Now please am a very attractive lady , and it happened  to me  . As I new that he was having affair , I decided time to go back, which I was never going to do but put him to the test , and he would not allow me to get invite/visa , whilst he denies it all, strange the lady I suspected , has been on holiday with him many times in the last year and is living with him now.
Well there is my experience of the country , you asked so told you .  Some ex pat wives, as some may read this blog, and may prefer to turn blind eye , but my pride is worth more than the money and the lies that our husbands tell,
Sorry if not painted a good picture of our husbands but cant hide from the truth , as am living the nightmare, but hes not worth me and done me a favour, now looking back

Maybe this one will be helpful

Really sorry to hear about what happened between you and your husband. There are two sides to a coin  and it may not be a suitable matter to be discuss in too much details in an open forum like this.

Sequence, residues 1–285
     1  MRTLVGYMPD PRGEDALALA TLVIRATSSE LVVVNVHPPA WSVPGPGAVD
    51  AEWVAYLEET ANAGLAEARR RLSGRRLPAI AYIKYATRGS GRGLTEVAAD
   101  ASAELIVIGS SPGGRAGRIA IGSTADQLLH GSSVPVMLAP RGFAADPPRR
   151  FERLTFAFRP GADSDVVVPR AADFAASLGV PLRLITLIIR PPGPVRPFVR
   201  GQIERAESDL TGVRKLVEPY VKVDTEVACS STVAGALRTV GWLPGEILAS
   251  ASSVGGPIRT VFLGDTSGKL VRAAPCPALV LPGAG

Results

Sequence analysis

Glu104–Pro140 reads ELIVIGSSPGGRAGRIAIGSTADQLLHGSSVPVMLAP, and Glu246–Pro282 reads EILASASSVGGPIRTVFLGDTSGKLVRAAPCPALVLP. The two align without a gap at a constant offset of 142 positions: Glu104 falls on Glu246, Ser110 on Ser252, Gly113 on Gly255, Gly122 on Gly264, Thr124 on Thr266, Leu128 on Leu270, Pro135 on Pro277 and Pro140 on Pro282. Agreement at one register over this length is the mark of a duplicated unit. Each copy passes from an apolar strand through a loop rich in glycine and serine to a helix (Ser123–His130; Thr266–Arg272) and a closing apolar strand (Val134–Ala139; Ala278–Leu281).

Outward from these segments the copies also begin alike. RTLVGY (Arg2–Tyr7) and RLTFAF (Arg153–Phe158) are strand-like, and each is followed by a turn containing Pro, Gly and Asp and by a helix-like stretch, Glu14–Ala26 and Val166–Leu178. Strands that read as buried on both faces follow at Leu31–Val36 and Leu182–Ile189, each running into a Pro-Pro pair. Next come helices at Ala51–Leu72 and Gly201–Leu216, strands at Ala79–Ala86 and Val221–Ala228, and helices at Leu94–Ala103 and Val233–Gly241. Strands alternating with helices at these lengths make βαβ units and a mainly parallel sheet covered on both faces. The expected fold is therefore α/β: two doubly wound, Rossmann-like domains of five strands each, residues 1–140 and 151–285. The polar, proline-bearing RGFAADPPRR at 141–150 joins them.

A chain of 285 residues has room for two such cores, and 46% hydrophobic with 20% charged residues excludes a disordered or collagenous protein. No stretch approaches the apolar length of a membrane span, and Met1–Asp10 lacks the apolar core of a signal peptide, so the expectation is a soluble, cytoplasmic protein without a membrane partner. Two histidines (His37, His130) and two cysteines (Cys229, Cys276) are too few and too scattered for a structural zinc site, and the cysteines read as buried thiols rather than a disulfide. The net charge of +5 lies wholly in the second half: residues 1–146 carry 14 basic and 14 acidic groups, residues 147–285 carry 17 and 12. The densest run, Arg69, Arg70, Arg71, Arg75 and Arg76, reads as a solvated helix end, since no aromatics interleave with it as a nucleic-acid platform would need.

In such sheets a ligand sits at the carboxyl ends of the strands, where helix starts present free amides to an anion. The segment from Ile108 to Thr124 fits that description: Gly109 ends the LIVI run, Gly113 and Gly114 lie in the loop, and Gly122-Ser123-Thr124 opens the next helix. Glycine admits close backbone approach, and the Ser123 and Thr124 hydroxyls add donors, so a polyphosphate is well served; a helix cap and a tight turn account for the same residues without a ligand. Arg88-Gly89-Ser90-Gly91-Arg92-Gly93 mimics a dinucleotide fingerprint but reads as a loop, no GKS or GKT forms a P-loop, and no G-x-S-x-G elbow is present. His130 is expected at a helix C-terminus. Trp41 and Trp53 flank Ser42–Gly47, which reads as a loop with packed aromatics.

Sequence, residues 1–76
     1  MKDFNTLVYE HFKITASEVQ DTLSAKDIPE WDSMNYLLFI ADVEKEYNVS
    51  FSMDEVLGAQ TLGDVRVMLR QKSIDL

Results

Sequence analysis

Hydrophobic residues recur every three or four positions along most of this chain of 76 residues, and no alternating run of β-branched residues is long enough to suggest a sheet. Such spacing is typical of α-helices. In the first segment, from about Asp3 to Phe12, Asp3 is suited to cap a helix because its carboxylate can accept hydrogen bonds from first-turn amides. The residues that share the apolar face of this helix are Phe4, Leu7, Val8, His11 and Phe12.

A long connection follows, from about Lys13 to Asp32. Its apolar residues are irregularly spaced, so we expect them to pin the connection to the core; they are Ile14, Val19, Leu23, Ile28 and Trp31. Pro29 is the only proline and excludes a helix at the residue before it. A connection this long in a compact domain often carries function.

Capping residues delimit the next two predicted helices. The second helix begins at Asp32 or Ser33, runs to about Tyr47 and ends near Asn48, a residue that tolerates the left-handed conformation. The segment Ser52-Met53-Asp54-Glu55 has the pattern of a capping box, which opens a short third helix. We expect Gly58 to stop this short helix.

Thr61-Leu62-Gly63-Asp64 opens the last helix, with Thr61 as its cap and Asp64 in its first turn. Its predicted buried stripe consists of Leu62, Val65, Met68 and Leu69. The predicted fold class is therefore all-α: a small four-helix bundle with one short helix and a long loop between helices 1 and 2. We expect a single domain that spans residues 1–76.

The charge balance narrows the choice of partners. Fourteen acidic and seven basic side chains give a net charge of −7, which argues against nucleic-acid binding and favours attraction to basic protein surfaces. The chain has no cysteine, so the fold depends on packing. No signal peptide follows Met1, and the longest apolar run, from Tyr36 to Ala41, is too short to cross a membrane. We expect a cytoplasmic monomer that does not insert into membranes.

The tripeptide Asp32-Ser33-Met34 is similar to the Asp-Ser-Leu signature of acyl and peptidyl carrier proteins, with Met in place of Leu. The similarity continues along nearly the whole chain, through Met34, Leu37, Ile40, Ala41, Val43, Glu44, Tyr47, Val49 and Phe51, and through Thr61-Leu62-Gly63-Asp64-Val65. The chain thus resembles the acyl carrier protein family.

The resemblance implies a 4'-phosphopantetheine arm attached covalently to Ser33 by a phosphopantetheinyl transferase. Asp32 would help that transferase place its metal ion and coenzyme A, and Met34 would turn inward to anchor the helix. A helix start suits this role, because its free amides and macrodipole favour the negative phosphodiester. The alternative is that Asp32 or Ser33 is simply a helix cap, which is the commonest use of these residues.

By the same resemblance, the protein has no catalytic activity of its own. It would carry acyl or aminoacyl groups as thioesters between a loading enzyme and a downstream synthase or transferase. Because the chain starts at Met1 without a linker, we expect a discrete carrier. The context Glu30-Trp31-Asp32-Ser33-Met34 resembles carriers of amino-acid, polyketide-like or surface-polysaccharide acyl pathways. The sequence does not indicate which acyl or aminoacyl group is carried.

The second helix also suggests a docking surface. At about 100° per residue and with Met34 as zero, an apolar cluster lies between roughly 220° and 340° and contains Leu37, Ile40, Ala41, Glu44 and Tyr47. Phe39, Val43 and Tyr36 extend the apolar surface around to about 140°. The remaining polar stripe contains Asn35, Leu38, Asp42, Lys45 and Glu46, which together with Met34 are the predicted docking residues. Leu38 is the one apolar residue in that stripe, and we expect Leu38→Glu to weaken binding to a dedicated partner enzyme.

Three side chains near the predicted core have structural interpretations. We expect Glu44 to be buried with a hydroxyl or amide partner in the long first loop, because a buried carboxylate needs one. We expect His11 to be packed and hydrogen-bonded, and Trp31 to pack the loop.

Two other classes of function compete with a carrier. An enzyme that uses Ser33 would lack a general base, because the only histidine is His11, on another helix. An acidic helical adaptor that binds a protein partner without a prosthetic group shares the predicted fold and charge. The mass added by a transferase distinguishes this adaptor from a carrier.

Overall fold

However, I do understand what you are posting and why. It is a warning to us all, not just WaGs, but also any male working in an oversea location. There are lots of "Temptations" in life every day not just when working overseas. I don't pretend to be an expert, but as someone who has"baggages" and experienced life quite a bit in at least 2 different cultures and upbringings.
I always believe a marriage is a legally recognised "contract" between two people and must not be taken "lightly", but if two people are either drifting apart or breakdown in communications for a long time within any union, it is no longer a "union" of mind or spirit.
However, the point about local "temptations" are there, it all depends on how "strong" the union between the individual and their "partner" are. Also depends on how and where their upbringing and moral compass are pointing to, as "compass" can be distracted by "magnets" nearby.
IMHO - If you are single (Free Agent) good luck and stay safe, if you are in a "relationship" or 'partnership" or "marriage" put your chastity belt on and find something else to keep your wondering mind occupy (like focus on your paid work).